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Firmware Version into Mvar or Pvar ?


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Is is possible to get the Turbo PMAC Firmware version into a Mvar or Pvar so that it could be read from a Modbus Master ?


Is there a register in memory map that holds this value that I could transfer to my own Mvar ?


Could be either the "ver" or "eaver" value.



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I'm not aware of a memory location which we store the firmware number. I believe it is hard coded during the compilation process and it is reported by firmware upon reception of VER or VERS command.

One way of implementing this is using of Read/Write an ASCII (PMAC Modbus Address 0xF000) byte stream to and from the PMAC over Modbus by sending a VER command to PMAC over Modbus.


How the ASCII Communication Works?

The Client master will send an ASCII NULL terminated string with a PMAC Modbus Address address of 0xF000 with the word length of the ASCII string. The Modbus processor will send this ASCII string terminated with a CR to the Host port and wait for a response. The response will be put into a Modbus ASCII holding buffer that can be read by the Client master. If it sends a FC=23 (Write/Read), the string will be sent and the response will be returned in one Modbus command. If a FC = 0x10 (Write Multiple registers) is sent, the response will be put into an internal response string that can be read later with a FC = 3 (Read Multiple registers).

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Is there a way to use the command buffer to issue the ver command from a plc and have the output redirected into an M-Var or P-Var? Ideally i would like to log the firmware version on power up in plc 1 and store them in variable space. This will allow me to verify that the firmware version are correct before allowing the machine to run.

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The only way I can think of is to issue a CMDA"VERS" in your PLC. The output of this command will be sent to the auxiliary serial port. The response to this command lets say "1.947" characters are stored in the auxiliary serial port register and then they will be transferred to the device connected to auxiliary serial port. In this case, we are not interested in the transfer process and we are only interested in the response characters stored in the auxiliary serial port output buffer, which can be accessed with M-variables and converted back to firmware version.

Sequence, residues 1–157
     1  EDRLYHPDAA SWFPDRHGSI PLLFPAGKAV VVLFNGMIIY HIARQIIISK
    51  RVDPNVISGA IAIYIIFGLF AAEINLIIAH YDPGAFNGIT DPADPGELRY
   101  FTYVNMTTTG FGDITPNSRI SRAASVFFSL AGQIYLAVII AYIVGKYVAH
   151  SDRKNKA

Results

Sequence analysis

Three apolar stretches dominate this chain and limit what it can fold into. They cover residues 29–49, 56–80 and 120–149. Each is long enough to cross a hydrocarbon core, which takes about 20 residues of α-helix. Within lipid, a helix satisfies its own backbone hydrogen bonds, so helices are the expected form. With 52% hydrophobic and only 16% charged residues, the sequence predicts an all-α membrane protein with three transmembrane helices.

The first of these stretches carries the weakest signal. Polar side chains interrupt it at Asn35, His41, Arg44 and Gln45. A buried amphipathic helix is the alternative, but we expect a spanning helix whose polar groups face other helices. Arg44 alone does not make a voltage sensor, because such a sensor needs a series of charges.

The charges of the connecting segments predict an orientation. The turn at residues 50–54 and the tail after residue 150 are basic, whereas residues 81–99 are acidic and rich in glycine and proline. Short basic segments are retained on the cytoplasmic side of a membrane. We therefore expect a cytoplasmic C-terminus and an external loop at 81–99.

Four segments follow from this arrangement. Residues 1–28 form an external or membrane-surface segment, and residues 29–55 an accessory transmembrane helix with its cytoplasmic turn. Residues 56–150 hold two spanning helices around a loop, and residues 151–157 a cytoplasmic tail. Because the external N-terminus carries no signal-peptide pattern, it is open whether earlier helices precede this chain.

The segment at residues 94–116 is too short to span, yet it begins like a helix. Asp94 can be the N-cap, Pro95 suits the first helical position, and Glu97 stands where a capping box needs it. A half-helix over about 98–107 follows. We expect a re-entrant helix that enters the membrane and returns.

Here is an example code:

end gat
del gat

// Pointers to auxiliary serial port output buffer characters
// Assuming default settings for I0..4 parameters
#define integer      M1000
#define decimalpoint M1001
#define tenth        M1002
#define hundredth    M1003
#define thousandth   M1004


#define FirmwareVersion   P1000
#define timer             I6612

open plc 1 clear
timer = 100 * 8388607/I10   // time-out timer
while (timer>0 and decimalpoint!=$2E) endwhile
if (decimalpoint!=$2E)
FirmwareVersion=-1        // timed out
 FirmwareVersion= (integer-48)+(tenth-48)/10+(hundredth-48)/100+(thousandth-48)/1000
disable plc 1

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Boooyah ! R u the Man or WAT !

Will try this out and report back...

As we say down south... "more than one way to skin a pole cat"


*** I tested your code and worked exactly as described and expected.

- my test was with a Turbo PMAC EthUlite + 2x Yaskawa SigmaV with 85M MACRO ring


-I added 2 attachements:

1. your code in a simple .pmc text file for download if desired

2. PDF shows code and results screenshot running in actual test


thanks for the quick and great support... this is a valuable tip that could be applied to other similar logic needs,



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Here is an old application note that uses the same technique for a similar purpose - to obtain the electronic ID number internally for use as a software dongle.


Accessing Electronic ID Number Internally

Most Turbo PMAC controllers have an electronic identification (ID) number module installed. This module provides a unique 64-bit ID number. The intent of this module is for a host computer to be able to identify a particular Turbo PMAC for purposes such as ensuring software has been properly licensed for use on an individual system. The host computer issues the IDNUMBER command and Turbo PMAC responds with a 16-digit hexadecimal ASCII string representing the 64-bit ID number.

Note: Turbo PMAC controllers utilizing the “Flex” CPU design employing the “ball grid array” (BGA) package for the processor (no visible pins for the U1 IC) have the ID number module installed standard. (If the 160 MHz Options 5E0 and 5E3 are available for your design, it is a Flex CPU and you will always have the ID number installed.) In virtually all Turbo PMAC configurations, the Flex CPU design has been used since 2003.

In older CPU designs, where the processor at U1 is in a “quad flat pack” (QFP) package (with pins extending out all four sides), the ID module did not come standard – Option 18A or 18B had to be ordered. In these designs, the module looked like a large watch battery, and inserted easily into the provided socket on the board. Delta Tau no longer provides this component, but it is still available from the manufacturer. The part is the Dallas Semiconductor (now part of Maxim) DS1990A. Installing this component in the socket is easily done without tools in the field.

It was not intended for this ID number to be accessed internally by Turbo PMAC software, but some users have requested this capability. This application note shows how that can be accomplished. It uses a PLC program to issue the IDNUMBER command and direct the response to an unused communications port. It then accesses the “response queue” character by character to assemble the ID number into a single value.

ID Number Evaluation Program

The following PLC program permits Turbo PMAC user code to access the ID number by telling it to report the number as a hexadecimal ASCII string to the auxiliary serial port. For this program to work, nothing should be trying to read the auxiliary port at the time this program executes. There is no need for the optional auxiliary port interface hardware (Option 9A) to be present; all we are interested in using here is the response queue in RAM, which is always present.